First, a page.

Charleston Gazette-Mail: Marick Masters on teachers' strike as turning point for labor

Marick Masters, professor of business and director of Labor@Wayne at Wayne State University, opined about the recent teachers strike in West Virginia that included 35,000 teachers and allied school employees in the region. Marick wrote that the strike showed the political power of solidarity. “These wildcat strikers impelled lawmakers to deviate however momentarily from neoliberal austerity. The Republican trifecta in the Mountain State conceded a 5 percent pay raise for teachers and other state employees and deferred pending increases in health care costs. These stalwart public servants gave labor one of its few victories in recent memory.” Masters concluded: “A final takeaway from the West Virginia experience applies to the prospect that the Supreme Court invalidates the agency shop in its forthcoming Janus ruling. The real strength of labor lies not in its power to compel dues (though this is arguably just and equitable given the obligation of representing all employees of a recognized bargaining unit, regardless of union-membership status) but rather in its capacity to mobilize. Grassroots activism is the heart and soul of a genuine labor movement. Conventional thinking holds that an unfavorable (to unions) ruling in Janus will devastate the ranks of labor. Bear in mind, however, that a sizable chunk of the public sector is already open shop: only 22 states allow the agency shop in that sector and the federal and postal services are already open shop.”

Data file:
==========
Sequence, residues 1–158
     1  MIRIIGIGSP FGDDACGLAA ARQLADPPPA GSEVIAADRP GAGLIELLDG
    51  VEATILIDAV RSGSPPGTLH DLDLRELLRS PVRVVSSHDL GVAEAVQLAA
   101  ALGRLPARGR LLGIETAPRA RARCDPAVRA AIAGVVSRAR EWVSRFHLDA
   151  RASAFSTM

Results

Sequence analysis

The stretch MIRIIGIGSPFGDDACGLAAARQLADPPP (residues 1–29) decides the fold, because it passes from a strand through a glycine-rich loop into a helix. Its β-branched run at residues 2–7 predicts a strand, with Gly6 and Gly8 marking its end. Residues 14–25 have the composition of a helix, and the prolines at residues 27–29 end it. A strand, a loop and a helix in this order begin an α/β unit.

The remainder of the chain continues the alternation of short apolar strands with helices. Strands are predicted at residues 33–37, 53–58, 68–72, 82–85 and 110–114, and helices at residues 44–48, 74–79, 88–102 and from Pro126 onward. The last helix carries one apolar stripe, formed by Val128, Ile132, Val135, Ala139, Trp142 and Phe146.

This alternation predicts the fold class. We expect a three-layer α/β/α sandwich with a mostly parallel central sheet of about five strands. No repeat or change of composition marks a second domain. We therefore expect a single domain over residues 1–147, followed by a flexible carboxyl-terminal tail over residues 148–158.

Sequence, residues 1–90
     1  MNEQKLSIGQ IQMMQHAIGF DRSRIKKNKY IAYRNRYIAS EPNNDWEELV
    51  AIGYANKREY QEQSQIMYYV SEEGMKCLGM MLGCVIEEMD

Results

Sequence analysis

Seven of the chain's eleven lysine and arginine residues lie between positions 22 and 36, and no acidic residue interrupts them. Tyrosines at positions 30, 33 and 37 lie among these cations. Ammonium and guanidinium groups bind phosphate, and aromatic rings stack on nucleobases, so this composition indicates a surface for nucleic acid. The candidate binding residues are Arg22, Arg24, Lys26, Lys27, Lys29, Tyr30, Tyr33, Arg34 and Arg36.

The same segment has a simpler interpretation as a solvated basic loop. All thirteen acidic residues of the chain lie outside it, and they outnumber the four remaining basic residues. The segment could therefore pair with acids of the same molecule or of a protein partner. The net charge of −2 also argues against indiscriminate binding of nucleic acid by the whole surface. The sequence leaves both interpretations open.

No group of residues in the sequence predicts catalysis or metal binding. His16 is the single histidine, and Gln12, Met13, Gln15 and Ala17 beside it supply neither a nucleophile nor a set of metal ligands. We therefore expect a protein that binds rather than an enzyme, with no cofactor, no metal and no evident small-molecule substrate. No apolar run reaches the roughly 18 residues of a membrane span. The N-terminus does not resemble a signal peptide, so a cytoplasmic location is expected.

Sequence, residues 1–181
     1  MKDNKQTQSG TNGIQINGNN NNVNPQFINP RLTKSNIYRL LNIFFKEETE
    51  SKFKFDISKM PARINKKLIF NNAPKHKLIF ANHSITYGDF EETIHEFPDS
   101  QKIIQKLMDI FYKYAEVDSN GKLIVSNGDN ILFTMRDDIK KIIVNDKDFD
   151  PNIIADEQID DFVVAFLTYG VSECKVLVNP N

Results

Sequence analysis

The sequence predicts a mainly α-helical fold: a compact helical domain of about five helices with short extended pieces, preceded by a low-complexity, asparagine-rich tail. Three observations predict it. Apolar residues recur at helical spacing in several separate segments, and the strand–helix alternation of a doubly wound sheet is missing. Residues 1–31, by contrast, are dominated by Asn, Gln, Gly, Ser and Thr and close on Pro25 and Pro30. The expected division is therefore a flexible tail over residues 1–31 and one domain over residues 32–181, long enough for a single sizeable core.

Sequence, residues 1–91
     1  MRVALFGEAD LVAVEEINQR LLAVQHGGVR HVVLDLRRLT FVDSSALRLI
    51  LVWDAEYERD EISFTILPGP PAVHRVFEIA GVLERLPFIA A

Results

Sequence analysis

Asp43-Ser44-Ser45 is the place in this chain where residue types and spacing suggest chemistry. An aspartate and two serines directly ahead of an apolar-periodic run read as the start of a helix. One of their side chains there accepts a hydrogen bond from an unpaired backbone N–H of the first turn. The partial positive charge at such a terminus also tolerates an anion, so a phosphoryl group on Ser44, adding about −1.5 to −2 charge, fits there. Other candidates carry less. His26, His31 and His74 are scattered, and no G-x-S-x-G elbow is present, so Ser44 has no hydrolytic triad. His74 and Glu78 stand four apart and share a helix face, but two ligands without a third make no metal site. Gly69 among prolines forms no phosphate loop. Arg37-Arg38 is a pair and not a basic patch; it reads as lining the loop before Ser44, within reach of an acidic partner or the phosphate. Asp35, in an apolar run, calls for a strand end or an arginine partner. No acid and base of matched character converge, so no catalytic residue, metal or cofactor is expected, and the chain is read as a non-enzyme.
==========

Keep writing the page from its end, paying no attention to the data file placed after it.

Full story in Charleston Gazette-Mail


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